Exploring the Galapagos Islands
About the Book
Fernando, a young South American finch, becomes cast out to sea and is all alone on floating debris. After a horrid storm-tossed six-hundred-mile trip, he is eventually stranded on a Galapagos island and ends up adventuring, learning, and exploring other islands and new ideas with a sidekick finch, Hector. Along with seeing and meeting many wondrous wild creatures on the enchanted islands, Fernando experiences earthquakes and volcanic eruptions and watches nature at work, which keeps his keen mind filled with questions and flowing ideas. After seeing six strikingly different islands, can Fernando really understand the true nature of them and the humans he travels with? Can he and Hector, his sturdy sidekick, survive the many perils and ever find a way back to their homes? Can he learn why little finches do most bird tasks on all the different islands? Can he understand why giant tortoises and huge iguanas on the Galapagos Islands are so different from those in his South American mainland? He struggles to answer all these puzzling questions as he travels and trusts his luck. It’s an exciting trip with feathered adventurers investigating many secrets of nature on unique enchanted islands with weird new animal life far out in the Pacific Ocean. Amazingly, Fernando discovers answers to many of his questions. But how does he get this new knowledge, insight, and himself back home to South America? Yet this feathered adventurer does just that.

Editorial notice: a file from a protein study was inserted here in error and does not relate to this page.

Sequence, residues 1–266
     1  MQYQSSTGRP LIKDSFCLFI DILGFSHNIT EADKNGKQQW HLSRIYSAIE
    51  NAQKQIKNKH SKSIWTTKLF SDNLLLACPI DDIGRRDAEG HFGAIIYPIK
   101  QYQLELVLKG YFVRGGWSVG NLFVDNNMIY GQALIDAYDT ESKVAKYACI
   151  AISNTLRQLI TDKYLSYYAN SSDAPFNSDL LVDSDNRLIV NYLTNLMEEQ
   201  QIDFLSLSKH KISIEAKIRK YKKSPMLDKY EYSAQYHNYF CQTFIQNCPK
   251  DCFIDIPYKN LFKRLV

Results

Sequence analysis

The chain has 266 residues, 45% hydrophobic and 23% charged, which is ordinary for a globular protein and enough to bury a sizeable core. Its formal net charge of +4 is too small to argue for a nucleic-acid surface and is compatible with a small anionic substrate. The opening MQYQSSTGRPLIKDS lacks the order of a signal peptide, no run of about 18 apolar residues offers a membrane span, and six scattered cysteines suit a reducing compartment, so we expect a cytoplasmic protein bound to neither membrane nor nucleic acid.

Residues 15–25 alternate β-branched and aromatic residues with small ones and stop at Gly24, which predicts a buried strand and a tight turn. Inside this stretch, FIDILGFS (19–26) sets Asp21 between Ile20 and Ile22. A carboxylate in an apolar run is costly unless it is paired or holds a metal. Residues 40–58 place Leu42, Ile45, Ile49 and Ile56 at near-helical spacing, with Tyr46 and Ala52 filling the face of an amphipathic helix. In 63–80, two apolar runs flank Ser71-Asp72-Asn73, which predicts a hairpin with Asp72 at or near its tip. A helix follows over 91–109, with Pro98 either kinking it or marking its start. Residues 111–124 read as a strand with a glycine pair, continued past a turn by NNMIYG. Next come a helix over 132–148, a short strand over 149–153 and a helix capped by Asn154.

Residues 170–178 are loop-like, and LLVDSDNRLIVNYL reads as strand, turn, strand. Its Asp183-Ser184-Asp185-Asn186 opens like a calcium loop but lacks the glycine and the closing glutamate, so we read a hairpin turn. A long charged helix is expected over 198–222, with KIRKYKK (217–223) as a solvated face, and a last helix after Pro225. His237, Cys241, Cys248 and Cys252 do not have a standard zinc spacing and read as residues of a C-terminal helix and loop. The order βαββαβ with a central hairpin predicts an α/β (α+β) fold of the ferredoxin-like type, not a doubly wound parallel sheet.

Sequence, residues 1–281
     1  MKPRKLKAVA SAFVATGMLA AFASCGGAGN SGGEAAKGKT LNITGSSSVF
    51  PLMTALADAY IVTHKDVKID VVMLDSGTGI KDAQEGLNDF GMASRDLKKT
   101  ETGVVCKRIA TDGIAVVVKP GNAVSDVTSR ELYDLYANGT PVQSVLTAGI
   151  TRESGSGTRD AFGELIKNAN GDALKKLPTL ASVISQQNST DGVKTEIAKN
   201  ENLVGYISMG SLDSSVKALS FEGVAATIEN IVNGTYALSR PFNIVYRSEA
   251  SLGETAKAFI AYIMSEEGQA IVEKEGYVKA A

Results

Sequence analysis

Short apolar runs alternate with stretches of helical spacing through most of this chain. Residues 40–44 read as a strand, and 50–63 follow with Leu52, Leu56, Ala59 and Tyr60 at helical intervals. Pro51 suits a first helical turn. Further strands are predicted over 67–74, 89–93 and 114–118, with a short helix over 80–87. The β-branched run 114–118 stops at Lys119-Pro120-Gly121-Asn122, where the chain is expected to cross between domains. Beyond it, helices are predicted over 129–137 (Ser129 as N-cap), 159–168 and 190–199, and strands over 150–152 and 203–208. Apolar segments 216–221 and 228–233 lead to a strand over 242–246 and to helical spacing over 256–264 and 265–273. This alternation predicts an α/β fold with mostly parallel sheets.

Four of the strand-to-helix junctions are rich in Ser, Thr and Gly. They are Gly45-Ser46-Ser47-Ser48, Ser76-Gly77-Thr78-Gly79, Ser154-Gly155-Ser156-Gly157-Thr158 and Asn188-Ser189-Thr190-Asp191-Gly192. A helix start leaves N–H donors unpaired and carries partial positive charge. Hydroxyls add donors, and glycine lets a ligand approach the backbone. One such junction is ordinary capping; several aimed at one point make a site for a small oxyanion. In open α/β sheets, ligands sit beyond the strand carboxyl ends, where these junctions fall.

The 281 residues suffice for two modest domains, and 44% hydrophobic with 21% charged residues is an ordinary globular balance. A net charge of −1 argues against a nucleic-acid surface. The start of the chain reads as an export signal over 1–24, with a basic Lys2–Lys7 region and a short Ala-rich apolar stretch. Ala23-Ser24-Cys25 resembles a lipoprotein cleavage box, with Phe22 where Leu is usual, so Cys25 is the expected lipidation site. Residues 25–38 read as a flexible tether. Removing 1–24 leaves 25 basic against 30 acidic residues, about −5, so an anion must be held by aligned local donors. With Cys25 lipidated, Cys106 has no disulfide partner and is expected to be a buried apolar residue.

About the Author
Paul W. Richard grew up wild and free at 8,100 feet elevation on the Two-Bar Ranch on the northwest edge of Walden, Colorado. His love of the ranch’s rivers in the mountains and the outdoor life led him to eventually become a professor of biological science at the University of Northern Colorado in Greeley, Colorado. He has happily taught junior high, high school, university, and adult students for thirty-two years. Even after studying nature in the Arctic and Antarctic on science expeditions and studying the Galapagos Islands, his heart and interests remain in educating others. As a professor emeritus of biological science from UNC, he lives and continues writing in Greeley, Colorado. In the last five years, he published Colorado’s North Park—History, Wildlife, and Ranching (Walden Press), Growing Up Wild (Trafford), and Smokey, a Dog of My Own, (Walden Press). Exploring the Galapagos Islands (38,685 words) is his fourth book. A serious writer of YA, middle grades, and adult books, Paul Richard has also done work on academic textbook projects with Addison Wesley and Random House in the past.